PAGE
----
+++ <p>Since we already know the site will be available in three different
+++ languages, we might as well make sure this can be added without much
+++ modification. Cocoon provides the Internationalisation functionality
+++ <strong>i18n</strong>. It comes down to writing different catalogue files,
+++ for each language, that contain key/value pairs of the information that should
+++ be translated. Although this is a great and flexible system, in my personal
+++ opinion there are a few drawbacks:</p>
+++ <ul>
+++ <li>The catalogue files are cumbersome to maintain, i.e. you have to update (in
+++ our case) three separate files when you want to add or modify a key.</li>
+++ <li>If you use this system for all multi-lingual information, you are tucking
+++ away content in files that are more system-related than content-related.</li>
+++ <li>Currently, Cocoon (2.1.7) has a minor bug which requires a restart of Cocoon
+++ to read the updated i18n catalogue files.</li>
+++ </ul>
+++ <p>That said, the i18n system is still useful for fixed concepts and short
+++ messages, like page titles, button names, names of weekdays and months etc. The
+++ "real" content will be entered in the pages as described above. This makes
+++ translation of the actual content easier and all translations will be together
+++ in one page, so there is less of a chance to forget to update a file.</p>
+++ <p>To separate the different language sections, a new set of tags is defined:
+++ </p>
+++ <pre>&lt;langselect&gt;
+++    &lt;select lang="en"&gt;English text here&lt;/select&gt;
+++    &lt;select lang="nl"&gt;Nederlandse tekst komt hier&lt;/select&gt;
+++    &lt;select lang="fr"&gt;Texte francaise est ici&lt;/select&gt;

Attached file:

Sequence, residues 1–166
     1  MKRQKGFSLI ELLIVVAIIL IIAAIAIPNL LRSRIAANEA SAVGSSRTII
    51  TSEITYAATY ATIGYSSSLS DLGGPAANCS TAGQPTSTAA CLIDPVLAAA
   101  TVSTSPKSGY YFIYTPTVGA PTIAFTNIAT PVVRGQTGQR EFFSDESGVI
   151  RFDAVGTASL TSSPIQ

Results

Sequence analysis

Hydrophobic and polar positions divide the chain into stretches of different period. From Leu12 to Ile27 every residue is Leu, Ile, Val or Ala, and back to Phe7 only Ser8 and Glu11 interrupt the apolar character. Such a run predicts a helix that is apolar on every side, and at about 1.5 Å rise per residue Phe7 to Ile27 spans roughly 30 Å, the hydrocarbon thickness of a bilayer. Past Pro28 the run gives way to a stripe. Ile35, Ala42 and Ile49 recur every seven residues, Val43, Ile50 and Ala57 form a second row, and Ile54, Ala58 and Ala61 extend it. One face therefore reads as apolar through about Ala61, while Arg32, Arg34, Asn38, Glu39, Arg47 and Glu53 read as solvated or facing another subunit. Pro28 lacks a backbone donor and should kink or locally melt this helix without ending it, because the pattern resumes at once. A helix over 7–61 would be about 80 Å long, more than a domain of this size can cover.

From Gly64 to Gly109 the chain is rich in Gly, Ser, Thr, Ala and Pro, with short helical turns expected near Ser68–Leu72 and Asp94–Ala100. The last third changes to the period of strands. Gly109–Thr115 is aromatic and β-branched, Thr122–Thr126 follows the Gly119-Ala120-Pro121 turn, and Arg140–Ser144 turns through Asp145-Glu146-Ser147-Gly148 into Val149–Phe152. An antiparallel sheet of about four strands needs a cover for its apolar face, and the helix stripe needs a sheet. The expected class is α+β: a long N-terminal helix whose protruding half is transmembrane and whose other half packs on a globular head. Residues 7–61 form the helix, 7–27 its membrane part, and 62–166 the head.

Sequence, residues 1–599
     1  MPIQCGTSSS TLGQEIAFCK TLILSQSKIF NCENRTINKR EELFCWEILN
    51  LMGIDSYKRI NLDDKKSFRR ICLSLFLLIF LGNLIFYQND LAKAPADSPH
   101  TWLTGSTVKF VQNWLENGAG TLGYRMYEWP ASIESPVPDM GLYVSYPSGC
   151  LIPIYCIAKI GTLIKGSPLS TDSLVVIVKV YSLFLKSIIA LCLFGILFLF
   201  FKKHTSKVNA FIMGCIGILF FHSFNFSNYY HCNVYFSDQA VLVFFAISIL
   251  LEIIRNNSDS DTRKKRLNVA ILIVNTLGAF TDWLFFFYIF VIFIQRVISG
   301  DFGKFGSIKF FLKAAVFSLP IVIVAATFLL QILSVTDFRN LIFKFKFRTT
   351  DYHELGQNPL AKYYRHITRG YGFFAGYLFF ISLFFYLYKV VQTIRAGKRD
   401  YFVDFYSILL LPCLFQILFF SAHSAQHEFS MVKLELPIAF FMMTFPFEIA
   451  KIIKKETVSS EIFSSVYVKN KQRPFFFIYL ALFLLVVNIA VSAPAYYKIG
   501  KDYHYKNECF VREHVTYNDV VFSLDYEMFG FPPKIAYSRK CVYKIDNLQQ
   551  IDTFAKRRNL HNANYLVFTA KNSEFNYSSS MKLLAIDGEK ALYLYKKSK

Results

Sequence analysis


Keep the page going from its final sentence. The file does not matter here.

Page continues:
+++ &lt;/langselect&gt;
+++ </pre>
+++ <p>Later we will devise an XSLT stylesheet that will extract the selected
+++ language and ignore the other. This way, it is possible to not only use these
+++ tags as "toplevel" tags in the &lt;text&gt; section, but also in any lower level
+++ tag. E.g. when a page mostly consists of standardized text, except for the last
+++ paragraph, then it is much more efficient to use i18n tags for the standardized
+++ text and only wrap the last paragraph in &lt;langselect&gt; tags.</p>
+++ <h3>Navigation</h3>
+++ <p>We want users to be able to switch to any language at any time, which means
+++ we need to provide a language switch mechanism at each page.<br/>
+++ We also want a simple lefthand side vertical menu. For now that would be
+++ sufficient, but once the site grows, it is good to add a sitemap, so we want one
+++ file that can be used as input to both the menu and the sitemap.<br/>
+++ Of course the menu and the sitemap should be in three languages as well.</p>
+++ <h3>Output</h3>
+++ <p>We want the final output to be valid XHTML 1.0 Transitional. All CSS used
+++ should be valid as well.</p>
+++ <h3>Directory structure vs URL structure</h3>
+++ <p>Cocoon allows a separation of the directory structure and the URL structure,
+++ i.e. the URL does not have to match the underlying directory structure. It is in
+++ fact even better to separate them, since it allows you to get the best of both
+++ worlds: good looking URLs and an easy to use directory structure.</p>
+++ <p>The website is currently very small and will probably not grow into an
+++ enormous amount of pages. It is therefore a good idea to just keep it into a
+++ flat structure with all pages at the same level. If we add the language to the
+++ URL, it is flexible enough to directly point to the appropriate page.</p>
+++ <h2>Let's get to work</h2>
+++ <p>Now that decisions are made,</p>